Ruth Ellis, the last woman to be executed in England, was hanged on 13th July 1955. She was 28 years old and night club entertainer. She had been abused and beaten by many men. Finally, after an abortion induced by a kick to her stomach by a ‘lover’, she took a gun and shot him dead. She confessed the crime, was condemned to death, and despite many appeals for her life from throughout the world, England’s most efficient hangman broke her neck only ten seconds after she entered the execution chamber;
Raymond Chandler, a famous American crime writer wrote:
“This thing haunts and, so far as I may say it, disgusts me as something obscene. I am not referring to the trial, of course, but to the medieval savagery of the law. I have been tormented for a week at the idea that a highly civilised people should put a rope round the neck of Ruth Ellis and drop her through a trap and break her neck. This was a crime of passion under considerable provocation. No other country in the world would hang this woman.”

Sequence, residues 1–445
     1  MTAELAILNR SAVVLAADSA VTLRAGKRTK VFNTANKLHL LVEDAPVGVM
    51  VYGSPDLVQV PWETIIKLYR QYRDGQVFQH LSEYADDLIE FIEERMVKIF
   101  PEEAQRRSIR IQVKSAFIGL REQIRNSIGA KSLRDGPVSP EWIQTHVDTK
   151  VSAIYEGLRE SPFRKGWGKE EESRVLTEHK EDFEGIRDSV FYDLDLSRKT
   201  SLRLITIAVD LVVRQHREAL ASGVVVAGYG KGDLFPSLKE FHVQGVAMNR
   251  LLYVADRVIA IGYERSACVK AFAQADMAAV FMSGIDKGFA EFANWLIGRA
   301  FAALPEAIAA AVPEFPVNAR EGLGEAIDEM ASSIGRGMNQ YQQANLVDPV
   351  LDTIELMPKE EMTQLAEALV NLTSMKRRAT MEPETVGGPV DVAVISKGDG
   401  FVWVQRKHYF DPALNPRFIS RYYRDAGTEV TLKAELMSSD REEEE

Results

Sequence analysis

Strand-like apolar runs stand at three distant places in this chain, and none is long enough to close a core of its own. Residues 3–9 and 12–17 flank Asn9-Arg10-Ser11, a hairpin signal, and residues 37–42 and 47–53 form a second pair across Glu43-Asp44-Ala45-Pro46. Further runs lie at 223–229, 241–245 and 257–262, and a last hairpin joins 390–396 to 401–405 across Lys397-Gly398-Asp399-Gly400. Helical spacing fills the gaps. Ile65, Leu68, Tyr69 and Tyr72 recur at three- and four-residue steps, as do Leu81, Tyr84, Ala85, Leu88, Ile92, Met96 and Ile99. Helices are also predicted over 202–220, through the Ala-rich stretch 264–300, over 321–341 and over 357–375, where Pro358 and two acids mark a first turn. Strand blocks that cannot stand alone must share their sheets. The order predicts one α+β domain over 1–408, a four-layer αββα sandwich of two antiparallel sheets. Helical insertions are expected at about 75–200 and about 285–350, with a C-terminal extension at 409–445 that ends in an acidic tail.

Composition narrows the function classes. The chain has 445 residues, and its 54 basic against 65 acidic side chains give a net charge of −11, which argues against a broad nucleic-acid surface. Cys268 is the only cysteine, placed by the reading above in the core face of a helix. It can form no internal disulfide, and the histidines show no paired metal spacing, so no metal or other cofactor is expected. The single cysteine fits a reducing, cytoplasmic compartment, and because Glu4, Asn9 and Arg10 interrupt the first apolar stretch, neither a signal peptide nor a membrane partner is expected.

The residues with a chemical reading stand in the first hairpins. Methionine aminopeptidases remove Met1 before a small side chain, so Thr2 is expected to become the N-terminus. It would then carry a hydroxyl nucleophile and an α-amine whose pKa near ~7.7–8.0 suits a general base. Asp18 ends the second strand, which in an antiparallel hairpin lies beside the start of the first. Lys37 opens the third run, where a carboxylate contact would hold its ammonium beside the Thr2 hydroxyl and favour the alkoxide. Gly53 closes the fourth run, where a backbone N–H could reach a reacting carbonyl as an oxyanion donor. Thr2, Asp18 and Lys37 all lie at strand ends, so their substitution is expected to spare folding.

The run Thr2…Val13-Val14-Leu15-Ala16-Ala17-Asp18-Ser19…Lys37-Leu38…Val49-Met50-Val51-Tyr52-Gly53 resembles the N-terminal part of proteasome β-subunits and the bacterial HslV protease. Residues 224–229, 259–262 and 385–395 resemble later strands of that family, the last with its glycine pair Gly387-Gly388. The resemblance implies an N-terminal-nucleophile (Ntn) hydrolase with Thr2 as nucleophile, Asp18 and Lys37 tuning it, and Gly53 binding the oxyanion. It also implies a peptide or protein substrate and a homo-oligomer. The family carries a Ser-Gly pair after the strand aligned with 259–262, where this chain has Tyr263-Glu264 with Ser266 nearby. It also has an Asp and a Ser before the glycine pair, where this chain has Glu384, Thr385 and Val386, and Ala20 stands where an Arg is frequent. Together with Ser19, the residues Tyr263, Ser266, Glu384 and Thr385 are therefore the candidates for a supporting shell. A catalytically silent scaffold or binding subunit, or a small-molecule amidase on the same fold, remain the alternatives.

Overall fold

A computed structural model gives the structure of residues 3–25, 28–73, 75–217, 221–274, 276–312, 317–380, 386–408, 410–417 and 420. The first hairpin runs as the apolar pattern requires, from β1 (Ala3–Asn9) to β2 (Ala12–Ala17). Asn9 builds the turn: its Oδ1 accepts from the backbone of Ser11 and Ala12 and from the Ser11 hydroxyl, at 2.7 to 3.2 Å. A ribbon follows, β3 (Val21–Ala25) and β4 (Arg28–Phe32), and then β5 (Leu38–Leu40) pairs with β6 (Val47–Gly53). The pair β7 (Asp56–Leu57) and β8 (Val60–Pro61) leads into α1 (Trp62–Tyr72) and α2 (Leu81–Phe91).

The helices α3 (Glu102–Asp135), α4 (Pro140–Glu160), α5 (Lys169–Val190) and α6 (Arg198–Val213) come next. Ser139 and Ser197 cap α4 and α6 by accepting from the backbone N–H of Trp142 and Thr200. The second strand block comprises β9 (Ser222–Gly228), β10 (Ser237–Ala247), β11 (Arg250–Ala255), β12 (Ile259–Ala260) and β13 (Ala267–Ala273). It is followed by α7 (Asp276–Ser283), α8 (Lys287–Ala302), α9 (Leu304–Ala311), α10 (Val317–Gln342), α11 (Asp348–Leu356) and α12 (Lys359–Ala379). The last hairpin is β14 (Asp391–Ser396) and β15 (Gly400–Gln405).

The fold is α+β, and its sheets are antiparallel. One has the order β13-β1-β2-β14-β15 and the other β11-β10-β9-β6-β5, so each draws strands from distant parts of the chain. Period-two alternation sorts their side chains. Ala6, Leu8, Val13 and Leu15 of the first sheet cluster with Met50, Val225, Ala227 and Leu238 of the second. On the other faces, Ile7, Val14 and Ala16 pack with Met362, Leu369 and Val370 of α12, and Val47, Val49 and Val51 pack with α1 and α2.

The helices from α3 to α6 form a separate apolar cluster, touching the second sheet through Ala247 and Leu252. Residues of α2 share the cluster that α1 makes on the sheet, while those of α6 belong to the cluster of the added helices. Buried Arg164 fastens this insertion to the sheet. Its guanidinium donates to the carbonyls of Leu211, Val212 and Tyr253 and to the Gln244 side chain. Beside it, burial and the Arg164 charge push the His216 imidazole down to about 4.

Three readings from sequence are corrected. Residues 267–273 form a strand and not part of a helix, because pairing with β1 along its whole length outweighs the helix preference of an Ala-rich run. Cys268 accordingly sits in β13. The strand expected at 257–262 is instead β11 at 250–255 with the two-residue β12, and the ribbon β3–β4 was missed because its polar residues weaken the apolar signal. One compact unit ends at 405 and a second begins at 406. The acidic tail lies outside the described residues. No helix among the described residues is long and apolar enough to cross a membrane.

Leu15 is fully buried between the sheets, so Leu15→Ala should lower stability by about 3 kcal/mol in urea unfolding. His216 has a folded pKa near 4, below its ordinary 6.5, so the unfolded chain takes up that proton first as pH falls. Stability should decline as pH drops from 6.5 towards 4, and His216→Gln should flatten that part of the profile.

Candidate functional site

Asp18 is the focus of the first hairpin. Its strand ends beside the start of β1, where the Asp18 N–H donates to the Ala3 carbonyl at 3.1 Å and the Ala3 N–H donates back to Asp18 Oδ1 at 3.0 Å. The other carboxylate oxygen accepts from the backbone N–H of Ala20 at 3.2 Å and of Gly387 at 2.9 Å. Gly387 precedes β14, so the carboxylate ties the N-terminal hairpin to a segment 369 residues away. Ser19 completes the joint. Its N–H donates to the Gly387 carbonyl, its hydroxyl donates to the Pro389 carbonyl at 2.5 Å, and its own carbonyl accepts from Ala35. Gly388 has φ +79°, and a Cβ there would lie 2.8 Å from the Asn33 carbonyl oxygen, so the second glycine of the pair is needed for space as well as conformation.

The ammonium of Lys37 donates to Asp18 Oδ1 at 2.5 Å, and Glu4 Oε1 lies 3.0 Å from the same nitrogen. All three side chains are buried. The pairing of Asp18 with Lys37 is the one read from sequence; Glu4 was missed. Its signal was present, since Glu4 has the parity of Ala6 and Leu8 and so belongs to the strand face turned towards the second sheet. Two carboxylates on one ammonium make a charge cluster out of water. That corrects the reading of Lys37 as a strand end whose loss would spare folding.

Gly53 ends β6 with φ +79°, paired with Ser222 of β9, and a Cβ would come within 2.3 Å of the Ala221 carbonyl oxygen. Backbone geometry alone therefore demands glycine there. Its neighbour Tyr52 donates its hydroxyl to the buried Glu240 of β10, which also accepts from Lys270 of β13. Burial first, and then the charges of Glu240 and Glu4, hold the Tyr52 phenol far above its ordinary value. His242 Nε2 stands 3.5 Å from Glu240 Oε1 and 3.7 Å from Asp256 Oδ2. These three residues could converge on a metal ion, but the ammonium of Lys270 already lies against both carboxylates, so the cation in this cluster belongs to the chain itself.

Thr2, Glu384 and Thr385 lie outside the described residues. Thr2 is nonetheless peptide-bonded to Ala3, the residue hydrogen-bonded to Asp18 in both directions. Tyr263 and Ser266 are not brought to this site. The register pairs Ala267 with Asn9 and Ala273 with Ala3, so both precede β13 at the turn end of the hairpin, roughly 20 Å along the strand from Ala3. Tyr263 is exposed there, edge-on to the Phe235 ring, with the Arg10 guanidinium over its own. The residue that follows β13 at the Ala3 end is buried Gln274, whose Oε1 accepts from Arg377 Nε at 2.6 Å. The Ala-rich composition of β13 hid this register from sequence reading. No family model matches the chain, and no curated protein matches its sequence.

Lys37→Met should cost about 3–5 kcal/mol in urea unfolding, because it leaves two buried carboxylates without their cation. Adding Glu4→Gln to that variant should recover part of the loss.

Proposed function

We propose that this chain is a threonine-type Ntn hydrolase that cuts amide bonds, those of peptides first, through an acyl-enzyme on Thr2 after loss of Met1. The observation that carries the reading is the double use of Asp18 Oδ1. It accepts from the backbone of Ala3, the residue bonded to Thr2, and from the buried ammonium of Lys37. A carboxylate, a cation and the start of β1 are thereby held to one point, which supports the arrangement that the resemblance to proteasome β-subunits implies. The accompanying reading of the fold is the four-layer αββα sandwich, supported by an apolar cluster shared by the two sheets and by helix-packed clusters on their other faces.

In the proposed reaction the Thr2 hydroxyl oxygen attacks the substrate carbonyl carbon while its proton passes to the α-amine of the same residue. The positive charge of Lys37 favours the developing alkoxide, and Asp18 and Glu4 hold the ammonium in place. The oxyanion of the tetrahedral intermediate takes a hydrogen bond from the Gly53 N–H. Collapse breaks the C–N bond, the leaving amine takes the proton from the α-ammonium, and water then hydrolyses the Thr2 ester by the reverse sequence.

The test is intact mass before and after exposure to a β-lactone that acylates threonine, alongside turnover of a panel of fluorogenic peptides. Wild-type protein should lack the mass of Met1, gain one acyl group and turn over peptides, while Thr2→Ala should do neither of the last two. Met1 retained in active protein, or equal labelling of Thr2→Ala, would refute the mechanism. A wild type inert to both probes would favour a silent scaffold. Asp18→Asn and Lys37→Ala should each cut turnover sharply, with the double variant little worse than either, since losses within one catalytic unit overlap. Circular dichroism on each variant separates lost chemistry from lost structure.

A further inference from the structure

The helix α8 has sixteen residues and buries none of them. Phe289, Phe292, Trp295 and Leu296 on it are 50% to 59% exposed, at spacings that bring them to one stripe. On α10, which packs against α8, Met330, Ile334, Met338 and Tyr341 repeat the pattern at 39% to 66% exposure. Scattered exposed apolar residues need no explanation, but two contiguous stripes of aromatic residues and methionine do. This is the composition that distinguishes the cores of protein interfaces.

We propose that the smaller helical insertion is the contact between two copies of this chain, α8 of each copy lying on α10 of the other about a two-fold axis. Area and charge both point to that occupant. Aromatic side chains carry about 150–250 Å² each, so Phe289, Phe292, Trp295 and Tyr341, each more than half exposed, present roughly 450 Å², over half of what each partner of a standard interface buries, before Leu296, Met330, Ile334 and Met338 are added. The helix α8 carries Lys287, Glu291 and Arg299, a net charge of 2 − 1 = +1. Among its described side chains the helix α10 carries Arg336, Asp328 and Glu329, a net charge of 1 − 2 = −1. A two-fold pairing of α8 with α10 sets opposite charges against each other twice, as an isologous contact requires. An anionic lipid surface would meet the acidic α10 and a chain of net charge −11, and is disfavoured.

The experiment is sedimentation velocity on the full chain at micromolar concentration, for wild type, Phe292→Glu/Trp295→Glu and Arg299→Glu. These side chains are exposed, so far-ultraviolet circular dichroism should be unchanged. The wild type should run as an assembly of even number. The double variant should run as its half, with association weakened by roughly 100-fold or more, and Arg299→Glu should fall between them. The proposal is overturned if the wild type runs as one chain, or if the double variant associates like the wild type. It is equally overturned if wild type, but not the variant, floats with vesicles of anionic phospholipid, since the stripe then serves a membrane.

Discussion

Revulsion against the hanging of Ruth Ellis raised the question “Should a woman hang?”, and, logically, the further question “Should anybody be hanged?”. Ten years later the answer became a clear “No”. In 1965 the death penalty in England was suspended, and abolished for ever after another five years, when it was confirmed that the absence of the death penalty did not affect the murder rate.